- What determines whether a salt would dissolve in NaOH? I'll definitely do some lab tests in the future, but I want to know the chemistry behind it. For example, I get that calcium salts would all precipitate due to Ca(OH)2, but I don't understand why NaCl dissolves and Na2CO3 doesn't (unless the chart is messed up again).
Which chart are you using? Anyways, determining solubility is mainly based on understanding of chemical reactions (specifically double replacement/precipitation), ions, and periodic trends (often, using periodic trends is how to predict ion behavior in reactions, especially cations).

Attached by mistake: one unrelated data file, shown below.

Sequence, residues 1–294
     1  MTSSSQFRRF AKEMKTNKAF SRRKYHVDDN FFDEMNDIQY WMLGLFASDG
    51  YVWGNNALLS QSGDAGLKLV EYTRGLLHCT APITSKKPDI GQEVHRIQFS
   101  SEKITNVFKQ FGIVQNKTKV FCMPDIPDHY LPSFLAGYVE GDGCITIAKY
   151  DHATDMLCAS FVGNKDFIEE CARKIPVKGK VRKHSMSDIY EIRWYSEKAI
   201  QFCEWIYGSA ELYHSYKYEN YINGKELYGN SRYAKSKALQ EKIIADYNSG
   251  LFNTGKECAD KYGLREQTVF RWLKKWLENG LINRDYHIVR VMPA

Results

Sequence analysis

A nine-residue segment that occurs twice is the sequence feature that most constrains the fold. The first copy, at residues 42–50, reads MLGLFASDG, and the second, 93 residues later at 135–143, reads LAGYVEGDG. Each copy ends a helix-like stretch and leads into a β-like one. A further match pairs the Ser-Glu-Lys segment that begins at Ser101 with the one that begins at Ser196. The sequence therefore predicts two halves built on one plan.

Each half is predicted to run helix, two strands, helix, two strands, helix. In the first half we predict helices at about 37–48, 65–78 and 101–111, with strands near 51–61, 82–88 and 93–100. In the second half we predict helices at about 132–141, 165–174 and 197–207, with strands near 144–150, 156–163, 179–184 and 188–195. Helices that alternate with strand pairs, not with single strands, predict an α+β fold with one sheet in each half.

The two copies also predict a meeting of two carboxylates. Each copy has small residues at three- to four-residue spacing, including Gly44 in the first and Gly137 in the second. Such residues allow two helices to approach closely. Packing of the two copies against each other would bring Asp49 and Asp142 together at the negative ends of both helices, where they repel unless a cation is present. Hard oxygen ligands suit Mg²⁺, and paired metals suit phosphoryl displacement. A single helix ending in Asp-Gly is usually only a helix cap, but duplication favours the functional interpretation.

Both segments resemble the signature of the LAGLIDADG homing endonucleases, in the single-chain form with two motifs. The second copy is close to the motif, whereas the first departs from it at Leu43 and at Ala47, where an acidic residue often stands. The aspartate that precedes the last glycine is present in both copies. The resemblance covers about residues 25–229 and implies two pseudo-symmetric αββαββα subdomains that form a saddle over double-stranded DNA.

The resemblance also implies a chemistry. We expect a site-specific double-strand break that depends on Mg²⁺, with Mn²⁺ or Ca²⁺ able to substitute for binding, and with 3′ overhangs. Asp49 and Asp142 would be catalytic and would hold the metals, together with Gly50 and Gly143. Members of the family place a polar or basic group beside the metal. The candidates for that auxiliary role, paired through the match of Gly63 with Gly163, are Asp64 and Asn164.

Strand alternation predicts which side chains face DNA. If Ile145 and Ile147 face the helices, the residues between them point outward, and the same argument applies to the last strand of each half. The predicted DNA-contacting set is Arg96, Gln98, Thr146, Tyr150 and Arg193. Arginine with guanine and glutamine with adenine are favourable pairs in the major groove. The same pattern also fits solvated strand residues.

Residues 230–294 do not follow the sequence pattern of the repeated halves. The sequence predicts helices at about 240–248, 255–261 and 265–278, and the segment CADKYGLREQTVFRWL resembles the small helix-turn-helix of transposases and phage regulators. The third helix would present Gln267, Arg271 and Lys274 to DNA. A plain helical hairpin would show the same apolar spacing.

So, when you put a salt in a solution, think about the cation and the anion of the salt. In this case, for sodium carbonate, the cation is Na+ and the anion is (CO3)2-. Since Na+ is a highly reactive alkali metal (same with the others in its group), it will dissolve pretty much always dissolve, and NaOH itself is no exception. Then, you would have to look at which ions are present: Na+, OH-, and (CO3)2-. None of those can combine to make a solid, insoluble precipitate, so Na2CO3 really should be able to dissolve in NaOH (check in lab). Usually when I use NaOH to do a precipitate test I dissolve the powder in water first and then add NaOH so you can see it better, plus you can check its solubility in water first (that can tell a lot!).